Friday, January 15, 2010

How to Spot Signs of Sexual Abuse in Children?

This is every Parent's Guide to preventing sexual abuse in children. Learn the tell tale signs of sexual abuse and the art of preventing it.

Listen to your child’s cries. Look for signs of sexual abuse. Prevent by making the child aware of sexual abuse.

Would you believe that the chances of your child being sexually abused is as high as 90%? And the terrible thing about it is …….. a trusted relative, a long-time friend or respected neighbor will be the perpetrator. Children are so vulnerable to abuse in our society where tradition demands utmost respect for elders. Grown-ups take advantage of this and even threaten a child to make it succumb. Since children can hardly understand the feelings that go with abuse, they are at a loss to explain to parents the incident. Shame, guilt and fear of being reprimanded force the child into agonizing silence, more often leaving an indelible psychological scar for life.

What’s it really?
Sexual abuse can be verbal, visual, physical or emotional. Fondling and touching the private parts is just one bit. Exposing the child to the adult’s private parts, showing revealing pictures or playing adult films in the company of child. Undressing, fondling on the pretext of giving a bath to the child, or even worse getting the child to do things on the adult, are other forms. Older children sometimes indulge in sexual play in the pretext of role-playing as parents.

What dares them to do it?
. Child’s trust in them
. Child’s inadequacy in understanding what’s happening
. Pliability of children
. Children easily succumb to threats
. Parents generally admonish children who may be attempting to say something against an elder
. Confident of not being confronted by a victim’s parent.

Signs of sexual abuse
It is unlikely that a young victim can articulate a sexual exploit. Hence, it’s the parents who must look for signals of distress and abnormal behaviour. Physical tell tale signs are rare. Therefore, an adult has to look for behavioral changes.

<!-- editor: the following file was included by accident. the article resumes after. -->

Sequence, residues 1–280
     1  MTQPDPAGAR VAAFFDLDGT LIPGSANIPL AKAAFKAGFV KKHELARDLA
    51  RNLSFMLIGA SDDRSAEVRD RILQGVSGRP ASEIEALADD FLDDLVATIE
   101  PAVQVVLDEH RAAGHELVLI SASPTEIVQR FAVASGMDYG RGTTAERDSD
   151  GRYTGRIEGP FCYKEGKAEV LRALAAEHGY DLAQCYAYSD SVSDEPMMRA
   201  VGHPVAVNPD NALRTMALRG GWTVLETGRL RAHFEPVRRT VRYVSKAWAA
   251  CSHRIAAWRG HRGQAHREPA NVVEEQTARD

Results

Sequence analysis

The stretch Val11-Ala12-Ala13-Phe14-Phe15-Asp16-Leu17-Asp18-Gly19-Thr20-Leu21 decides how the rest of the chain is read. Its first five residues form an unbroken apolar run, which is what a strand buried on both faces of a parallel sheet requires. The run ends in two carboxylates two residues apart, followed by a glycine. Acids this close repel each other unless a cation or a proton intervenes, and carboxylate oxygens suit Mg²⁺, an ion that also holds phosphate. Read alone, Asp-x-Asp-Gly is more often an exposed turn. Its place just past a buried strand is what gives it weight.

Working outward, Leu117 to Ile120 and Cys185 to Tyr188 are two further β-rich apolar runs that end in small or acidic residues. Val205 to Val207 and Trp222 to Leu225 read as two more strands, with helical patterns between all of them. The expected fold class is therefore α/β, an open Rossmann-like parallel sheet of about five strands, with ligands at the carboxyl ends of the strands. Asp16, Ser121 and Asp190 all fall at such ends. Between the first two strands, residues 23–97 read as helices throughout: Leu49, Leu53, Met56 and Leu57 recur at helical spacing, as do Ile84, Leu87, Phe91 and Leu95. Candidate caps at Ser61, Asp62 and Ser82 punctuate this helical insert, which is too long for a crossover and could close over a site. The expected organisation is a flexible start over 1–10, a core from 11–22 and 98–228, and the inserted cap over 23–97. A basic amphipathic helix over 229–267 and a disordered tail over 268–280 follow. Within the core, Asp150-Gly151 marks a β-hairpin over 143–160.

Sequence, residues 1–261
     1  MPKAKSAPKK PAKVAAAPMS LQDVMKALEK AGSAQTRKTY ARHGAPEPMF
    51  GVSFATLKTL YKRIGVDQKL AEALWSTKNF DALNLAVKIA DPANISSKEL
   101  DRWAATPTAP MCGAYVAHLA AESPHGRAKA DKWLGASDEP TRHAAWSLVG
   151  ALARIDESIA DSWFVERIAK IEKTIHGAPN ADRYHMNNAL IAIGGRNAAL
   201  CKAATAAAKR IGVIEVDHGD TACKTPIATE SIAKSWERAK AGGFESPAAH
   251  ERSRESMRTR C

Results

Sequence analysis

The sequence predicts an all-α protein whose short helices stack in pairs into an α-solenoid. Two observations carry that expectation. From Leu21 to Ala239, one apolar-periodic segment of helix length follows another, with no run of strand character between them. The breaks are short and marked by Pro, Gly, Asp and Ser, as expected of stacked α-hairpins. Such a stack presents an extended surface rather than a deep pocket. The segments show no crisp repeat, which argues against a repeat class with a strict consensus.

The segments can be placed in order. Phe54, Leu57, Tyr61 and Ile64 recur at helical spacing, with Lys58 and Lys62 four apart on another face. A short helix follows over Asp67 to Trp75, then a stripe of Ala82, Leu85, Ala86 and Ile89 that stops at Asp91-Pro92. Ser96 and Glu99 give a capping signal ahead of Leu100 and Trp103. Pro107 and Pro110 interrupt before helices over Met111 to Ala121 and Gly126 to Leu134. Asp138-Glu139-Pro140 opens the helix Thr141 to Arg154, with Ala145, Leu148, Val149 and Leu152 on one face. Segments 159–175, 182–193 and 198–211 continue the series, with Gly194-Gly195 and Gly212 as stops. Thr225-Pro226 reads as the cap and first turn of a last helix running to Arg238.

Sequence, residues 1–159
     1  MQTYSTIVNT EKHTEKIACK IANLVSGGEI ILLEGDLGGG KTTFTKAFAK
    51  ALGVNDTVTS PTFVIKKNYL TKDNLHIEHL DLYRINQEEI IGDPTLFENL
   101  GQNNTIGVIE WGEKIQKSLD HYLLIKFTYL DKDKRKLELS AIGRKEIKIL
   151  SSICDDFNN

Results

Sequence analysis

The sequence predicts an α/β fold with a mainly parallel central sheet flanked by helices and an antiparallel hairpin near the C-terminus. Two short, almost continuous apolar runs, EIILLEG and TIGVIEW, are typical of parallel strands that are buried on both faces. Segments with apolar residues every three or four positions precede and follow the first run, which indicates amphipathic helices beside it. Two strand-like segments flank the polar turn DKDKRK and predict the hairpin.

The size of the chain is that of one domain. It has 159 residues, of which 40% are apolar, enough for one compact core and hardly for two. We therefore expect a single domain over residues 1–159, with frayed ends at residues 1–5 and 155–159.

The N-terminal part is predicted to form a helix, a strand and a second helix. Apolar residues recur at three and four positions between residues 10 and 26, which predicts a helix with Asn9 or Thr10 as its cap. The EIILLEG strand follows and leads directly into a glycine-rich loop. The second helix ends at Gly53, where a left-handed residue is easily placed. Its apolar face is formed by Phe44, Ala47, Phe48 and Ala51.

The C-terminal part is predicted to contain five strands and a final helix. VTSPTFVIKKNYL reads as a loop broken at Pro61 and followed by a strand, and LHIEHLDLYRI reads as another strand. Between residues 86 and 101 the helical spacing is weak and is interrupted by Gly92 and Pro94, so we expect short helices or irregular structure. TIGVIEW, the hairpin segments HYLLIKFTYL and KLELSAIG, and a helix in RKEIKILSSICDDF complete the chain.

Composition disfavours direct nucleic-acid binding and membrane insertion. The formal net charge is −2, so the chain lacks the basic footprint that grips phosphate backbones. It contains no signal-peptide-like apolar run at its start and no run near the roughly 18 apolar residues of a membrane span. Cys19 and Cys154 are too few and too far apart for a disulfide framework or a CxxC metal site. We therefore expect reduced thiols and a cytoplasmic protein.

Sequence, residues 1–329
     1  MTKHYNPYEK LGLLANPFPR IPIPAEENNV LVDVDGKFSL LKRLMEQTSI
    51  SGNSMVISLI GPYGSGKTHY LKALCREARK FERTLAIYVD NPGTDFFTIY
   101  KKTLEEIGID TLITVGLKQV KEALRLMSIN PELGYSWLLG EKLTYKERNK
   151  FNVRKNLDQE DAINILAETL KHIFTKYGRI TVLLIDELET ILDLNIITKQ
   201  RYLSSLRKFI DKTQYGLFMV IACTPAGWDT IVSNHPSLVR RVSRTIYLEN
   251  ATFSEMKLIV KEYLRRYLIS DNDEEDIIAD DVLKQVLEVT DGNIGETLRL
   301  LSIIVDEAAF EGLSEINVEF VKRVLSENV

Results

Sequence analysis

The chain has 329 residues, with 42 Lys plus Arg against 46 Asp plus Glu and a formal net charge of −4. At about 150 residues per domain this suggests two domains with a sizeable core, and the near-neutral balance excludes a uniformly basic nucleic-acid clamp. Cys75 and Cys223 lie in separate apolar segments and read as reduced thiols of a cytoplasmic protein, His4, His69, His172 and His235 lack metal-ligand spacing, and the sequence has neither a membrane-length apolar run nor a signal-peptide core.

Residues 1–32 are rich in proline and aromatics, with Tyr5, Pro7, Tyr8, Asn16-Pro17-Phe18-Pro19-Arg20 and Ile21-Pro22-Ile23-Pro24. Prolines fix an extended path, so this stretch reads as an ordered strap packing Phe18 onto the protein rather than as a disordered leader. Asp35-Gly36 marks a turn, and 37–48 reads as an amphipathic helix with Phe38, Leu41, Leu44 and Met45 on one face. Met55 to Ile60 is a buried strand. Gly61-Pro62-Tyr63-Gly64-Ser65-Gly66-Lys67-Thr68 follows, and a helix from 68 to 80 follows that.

. fear or dislike of certain adults
. refusal to go to some people’s home
. sudden drop in scores at school
. general disinterest
. withdrawing from playing with other children
. unusual disobedience
. display of unseen aggression
. interrupted sleeping patterns
. health problems
. odd behaviour in the presence of certain adults
. low self-esteem
. depression
. using ‘sexual language’ that doesn’t go with the respective age
. indulging in sexual play-acts with other children
. undressing or posing nude in front of playmates
. displaying interest when parents change

Listen to the child’s cry
When your child reports an ‘accident,’ never admonish the child straightaway. Encourage the child to express the details. Reassure the child that everything is all right. Assuage his/her feelings to avoid shame or guilt overcoming the child. Assure the child that you’ll warn the offender and see to it that isn’t repeated. Do not discuss the ‘incident’ before others, and help the child to get over it. Commend the child for its honesty and prompt reporting. Remember, the child looks up at you as the protector. And you must act like one.

How to Prevent Sexual abuse of your Child?
Parents can’t always be there when things happen. But, certainly, they can train children to identify and repel probable offenders.
Tell children that certain parts of the body are private and they are not to be touched by anyone.
Ask children to report any ‘advances’ made by adults, however close they may be to the child or you.
Always keep an eye on children when they play with adults or older children.
Teach children to warn adults who misbehave – “I will report this to mom (or dad).
Teach children that dressing and undressing should only be done at home either alone or in the company of parents.
Tell children that they must never do what they dislike. And speak up for things.
Talk to children generally about whom they like and dislike. This will throw up signals, if at all there’s any.

Gosh! My child has been……………. Tell the child that it wasn’t his/her fault at all. Keep out feelings of shame or guilt.
. Comfort the child and encourage it to spell out the incident in detail
. Confront the individual in the presence of the child (tactfully, though)
. Never let the offender ever get close to your child
. Don’t panic or overreact
. Avoid talking about the incident even to others in the family
. Warn the offender if necessary even threaten to take-up issue with the offender’s family
. If child shows abnormal behavioral pattern even after a few weeks, then consult a child psychiatrist

Warning: Don’t brush aside complaints from your child
Believe the child, you’re the only one it trusts
Always remember children don’t have a motive in saying things. So there’s every reason he’s telling the truth.

Is your child being sexually abused?
Always
1. Attend to your child when she displays erratic behaviour
2. Trust the child when she complains
3. Handle it tactfully if you see him posing nude or ‘examining’ a playmate
4. Encourage children to express their feelings.
5. Reassure the child that she’s safe with you.

Never
1. Take her to a place where she’s refusing to go.
2. Let a perpetrator get away.
3. Panic.
4. Brush aside your child’s complaints
5. Forget to commend the child for its honesty.